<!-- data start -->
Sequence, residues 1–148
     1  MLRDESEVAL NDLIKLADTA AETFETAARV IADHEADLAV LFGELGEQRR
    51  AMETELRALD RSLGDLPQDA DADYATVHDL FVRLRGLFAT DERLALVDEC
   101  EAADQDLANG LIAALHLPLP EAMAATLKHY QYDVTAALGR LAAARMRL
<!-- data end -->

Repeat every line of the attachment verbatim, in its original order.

Sequence, residues 1–148
     1  MLRDESEVAL NDLIKLADTA AETFETAARV IADHEADLAV LFGELGEQRR
    51  AMETELRALD RSLGDLPQDA DADYATVHDL FVRLRGLFAT DERLALVDEC
   101  EAADQDLANG LIAALHLPLP EAMAATLKHY QYDVTAALGR LAAARMRL